After Franklin Templeton Shuts Funds, P Chidambaram Gives 2008 Example
New Delhi: Former finance minister P Chidambaram has asked the centre to "act promptly" to stop any cascading effect of the unprecedented closure of six debt funds by global giant Franklin Templeton.
Franklin Templeton Mutual Fund, one of India's most prominent mutual fund houses in fixed income, said on Thursday it would wind up six credit funds in India with large exposures to higher-yielding, lower-rated credit securities due to a lack of liquidity amid the coronavirus pandemic.
"Franklin Templeton Mutual Fund's decision to wind up six debt schemes is a matter of grave concern to the investors, mutual fund industry and the financial markets," Mr Chidambaram said in a statement.
"I recall that a similar situation arose in the first week of October 2008 (during the global financial crisis) when mutual funds faced liquidity stress. Government immediately consulted RBI, SEBI, IBA, AMFI and others. An urgent meeting of the FSDC was convened and a solution was found by the end of the day. On the next morning, officers of RBI and SEBI met at 8 am, and RBI announced a 14-day special repo facility and allowed an additional 0.5 per cent of NDTL. The situation was resolved," the former finance minister said.
"Fortunately, the markets will be closed today and tomorrow. I expect that the government will act promptly and resolve the situation quickly," he said.
The closures sparked worries of panic withdrawals from other Franklin Templeton funds as well as credit funds of other asset managers, and triggered a storm on social media with distraught investors calling for regulators to step in.
"It is just like a run on banks. Across debt mutual funds, there will be loss of trust," said Omkeshwar Singh, head of mutual fund advisory firm Rank MF. "Earlier, only corporates were taking out money for cash management. Now, high net worth individuals will go for panic redemption," he said, according to news agency Reuters.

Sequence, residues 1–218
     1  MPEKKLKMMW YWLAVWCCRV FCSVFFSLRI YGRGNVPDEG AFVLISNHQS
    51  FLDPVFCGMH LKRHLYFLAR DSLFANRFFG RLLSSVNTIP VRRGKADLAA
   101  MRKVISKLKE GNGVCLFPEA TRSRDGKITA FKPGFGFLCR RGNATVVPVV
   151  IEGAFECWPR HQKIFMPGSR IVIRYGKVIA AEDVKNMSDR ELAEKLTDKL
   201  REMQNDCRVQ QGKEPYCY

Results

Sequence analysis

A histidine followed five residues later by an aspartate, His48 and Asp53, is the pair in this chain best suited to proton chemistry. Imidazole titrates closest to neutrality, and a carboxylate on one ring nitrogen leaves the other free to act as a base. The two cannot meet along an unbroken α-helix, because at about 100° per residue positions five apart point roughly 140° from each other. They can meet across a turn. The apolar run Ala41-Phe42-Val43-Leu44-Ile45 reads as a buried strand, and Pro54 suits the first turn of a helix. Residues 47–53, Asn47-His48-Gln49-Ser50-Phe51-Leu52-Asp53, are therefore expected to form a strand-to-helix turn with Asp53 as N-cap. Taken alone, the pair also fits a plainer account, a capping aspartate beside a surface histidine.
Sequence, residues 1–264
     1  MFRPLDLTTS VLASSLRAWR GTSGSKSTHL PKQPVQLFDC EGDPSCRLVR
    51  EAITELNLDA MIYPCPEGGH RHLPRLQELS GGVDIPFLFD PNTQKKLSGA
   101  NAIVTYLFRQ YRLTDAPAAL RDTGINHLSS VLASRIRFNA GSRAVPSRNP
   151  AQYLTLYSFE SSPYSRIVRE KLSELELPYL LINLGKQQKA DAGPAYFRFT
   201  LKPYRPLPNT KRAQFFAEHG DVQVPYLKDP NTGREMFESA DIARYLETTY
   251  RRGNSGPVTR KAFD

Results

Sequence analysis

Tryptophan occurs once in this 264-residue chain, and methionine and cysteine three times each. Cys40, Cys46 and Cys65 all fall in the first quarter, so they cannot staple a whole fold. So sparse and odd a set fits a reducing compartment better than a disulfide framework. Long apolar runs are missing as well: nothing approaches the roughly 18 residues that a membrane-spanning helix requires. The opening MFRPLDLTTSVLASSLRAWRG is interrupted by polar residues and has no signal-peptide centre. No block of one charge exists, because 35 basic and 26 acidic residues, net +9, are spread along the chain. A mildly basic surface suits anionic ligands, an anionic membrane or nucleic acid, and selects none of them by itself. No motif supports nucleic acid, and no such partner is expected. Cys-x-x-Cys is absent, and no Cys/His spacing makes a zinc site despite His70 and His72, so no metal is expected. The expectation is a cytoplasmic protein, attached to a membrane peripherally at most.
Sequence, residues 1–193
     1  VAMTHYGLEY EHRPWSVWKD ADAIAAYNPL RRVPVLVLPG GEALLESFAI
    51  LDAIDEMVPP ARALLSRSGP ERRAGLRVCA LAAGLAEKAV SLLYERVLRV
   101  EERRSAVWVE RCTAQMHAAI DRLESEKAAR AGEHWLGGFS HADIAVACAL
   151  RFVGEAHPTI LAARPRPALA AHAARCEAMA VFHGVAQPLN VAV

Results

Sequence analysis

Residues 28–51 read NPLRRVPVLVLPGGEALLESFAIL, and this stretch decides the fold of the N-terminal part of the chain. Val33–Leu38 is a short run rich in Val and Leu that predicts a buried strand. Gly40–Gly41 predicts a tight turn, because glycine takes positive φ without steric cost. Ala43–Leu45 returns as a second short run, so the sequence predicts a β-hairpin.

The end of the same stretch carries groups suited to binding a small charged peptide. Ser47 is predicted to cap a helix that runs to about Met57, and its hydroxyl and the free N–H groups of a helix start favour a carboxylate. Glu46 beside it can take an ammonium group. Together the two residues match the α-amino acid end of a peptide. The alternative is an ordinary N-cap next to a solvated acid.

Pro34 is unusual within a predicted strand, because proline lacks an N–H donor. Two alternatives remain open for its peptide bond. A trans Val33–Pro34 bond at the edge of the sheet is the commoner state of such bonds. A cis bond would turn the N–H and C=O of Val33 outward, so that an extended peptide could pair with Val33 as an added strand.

The Association of Mutual Funds in India (AMFI) said on Friday debt schemes of most mutual funds had "superior credit quality" and were "fairly liquid". It called on investors to "not get side-tracked by an isolated event". "There is no need for (investors) to panic and redeem their investments," AMFI chairman Nilesh Shah said in a statement.
With assets worth over Rs 860 billion as of the end of March, Franklin Templeton is the ninth largest mutual fund in India, having set up shop over two decades ago. Franklin Templeton was long known for its focus on lower-rated papers such as "AA" or "A" and in turn higher yields for its investors.
But the tide changed as a string of defaults by a large infrastructure lender in late 2018 led to liquidity in the corporate bond market drying up. That was exacerbated as an economic slowdown triggered more debt defaults last year. Redemptions then soared as many investors looked to preserve cash amid a nationwide lockdown to contain the spread of the coronavirus.
(Inputs and image from ndtv.com)
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